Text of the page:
September 8, 2015
China Allegedly Hacked Top Former FBI Lawyer
Jeff Stein, Newsweek
Marion “Spike” Bowman, a top former FBI lawyer and U.S. counterintelligence official who heads an influential organization of retired American spies, says a hacker from China penetrated his home computer, beginning with an innocent-looking email last spring.
“It was an email supposedly from a woman in China, and I exchanged correspondence with her a couple of times,” says Bowman, who was deputy general counsel to three FBI directors between 1995 and 2006. “She sent me a document that a friend of hers had supposedly written, in English, and wanted my opinion on it,” he tells Newsweek. She also sent him her picture.
“I never got around to replying, so I never heard from her again,” says Bowman, who went on to become deputy director of the National Counterintelligence Executive, which is tasked with developing policies to thwart foreign spies and terrorists.
But then, a week ago, he says, he got another message from China via his email account at George Washington University, where he has lectured on national security law since 2003.
“It was apparently from a university in China asking me come to speak at a conference on the environment”—not even remotely one of his areas of expertise, Bowman says. He called the FBI.
After a forensic examination of his machine, the FBI told him “they had found a malware type that’s designed to find out what’s on my computer,” Bowman says. “It wasn’t anything to infect it.” Still, just being able to read the contents of a target’s computer can reveal lots of valuable information like emails and documents, contact files with phone numbers and other personal data, like home addresses.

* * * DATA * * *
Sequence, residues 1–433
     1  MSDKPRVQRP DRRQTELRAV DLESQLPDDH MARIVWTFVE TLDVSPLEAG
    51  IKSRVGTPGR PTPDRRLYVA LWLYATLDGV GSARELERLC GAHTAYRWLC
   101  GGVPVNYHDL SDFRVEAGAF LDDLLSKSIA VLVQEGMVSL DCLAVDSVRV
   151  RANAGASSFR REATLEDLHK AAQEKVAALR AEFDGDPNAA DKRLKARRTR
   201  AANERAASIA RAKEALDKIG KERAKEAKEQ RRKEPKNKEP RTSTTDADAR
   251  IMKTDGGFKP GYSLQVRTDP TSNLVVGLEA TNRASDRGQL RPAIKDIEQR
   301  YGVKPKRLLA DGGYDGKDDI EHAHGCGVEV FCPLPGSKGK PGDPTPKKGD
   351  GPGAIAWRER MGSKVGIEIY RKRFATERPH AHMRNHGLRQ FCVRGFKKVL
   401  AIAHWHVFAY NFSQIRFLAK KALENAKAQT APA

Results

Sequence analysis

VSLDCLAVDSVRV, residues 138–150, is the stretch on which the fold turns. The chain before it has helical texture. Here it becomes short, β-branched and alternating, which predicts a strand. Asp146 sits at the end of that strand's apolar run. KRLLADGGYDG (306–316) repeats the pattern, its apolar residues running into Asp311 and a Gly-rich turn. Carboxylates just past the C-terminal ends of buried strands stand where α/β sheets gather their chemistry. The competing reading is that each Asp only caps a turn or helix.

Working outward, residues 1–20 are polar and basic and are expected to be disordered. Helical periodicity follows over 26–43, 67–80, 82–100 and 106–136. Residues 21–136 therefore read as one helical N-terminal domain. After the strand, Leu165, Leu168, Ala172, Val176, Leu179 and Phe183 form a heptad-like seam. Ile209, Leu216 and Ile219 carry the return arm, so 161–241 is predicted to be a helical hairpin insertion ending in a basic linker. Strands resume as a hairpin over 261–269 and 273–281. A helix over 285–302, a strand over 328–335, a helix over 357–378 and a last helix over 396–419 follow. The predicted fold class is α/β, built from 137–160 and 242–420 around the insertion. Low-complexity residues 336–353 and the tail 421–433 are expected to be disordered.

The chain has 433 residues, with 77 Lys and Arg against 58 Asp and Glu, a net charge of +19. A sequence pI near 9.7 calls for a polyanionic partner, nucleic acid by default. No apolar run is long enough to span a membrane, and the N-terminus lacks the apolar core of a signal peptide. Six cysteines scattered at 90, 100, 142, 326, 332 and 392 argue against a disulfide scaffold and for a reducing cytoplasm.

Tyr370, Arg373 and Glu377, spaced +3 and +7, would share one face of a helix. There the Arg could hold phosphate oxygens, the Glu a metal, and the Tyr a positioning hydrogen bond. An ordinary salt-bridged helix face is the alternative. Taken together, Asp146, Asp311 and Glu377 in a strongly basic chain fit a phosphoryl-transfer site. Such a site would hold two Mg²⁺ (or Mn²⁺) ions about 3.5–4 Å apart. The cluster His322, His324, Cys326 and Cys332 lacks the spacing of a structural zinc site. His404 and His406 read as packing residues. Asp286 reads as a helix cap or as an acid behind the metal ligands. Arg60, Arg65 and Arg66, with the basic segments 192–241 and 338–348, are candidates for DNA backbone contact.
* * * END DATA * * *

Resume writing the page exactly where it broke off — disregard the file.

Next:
“Somebody who really knows what they’re doing” can wreak havoc, he says.
The FBI didn’t tell him exactly who was behind the hack, he says, “but they think they identified the woman” in a picture she sent along with one of her emails last spring. “It was somebody that they knew,” Bowman says. “I didn’t inquire any further.”
Before joining the FBI, Bowman was a Navy lawyer assigned to advise SEAL teams on clandestine operations, among other sensitive matters. His portfolio at the FBI gave him intimate knowledge of the details of operations to counter threats from foreign spy agencies.
“I still carry lots of deep Cold War secrets in my head,” he says, although not on his computer. But he is still very active in national security circles as chairman of the board of directors of the Association of Former Intelligence Officers, an organization with several thousand members nationwide, about half of them former CIA personnel.
Bowman’s revelation follows several months of bad news about the vulnerability of government computers to foreign hackers, the latest being a report published Monday saying that Chinese and Russian intelligence agencies are “aggressively aggregating and cross-indexing hacked U.S. computer databases” to catch American spies working overseas. China-based hackers breached about 22 million files held by the federal Office of Personnel Management, officials say.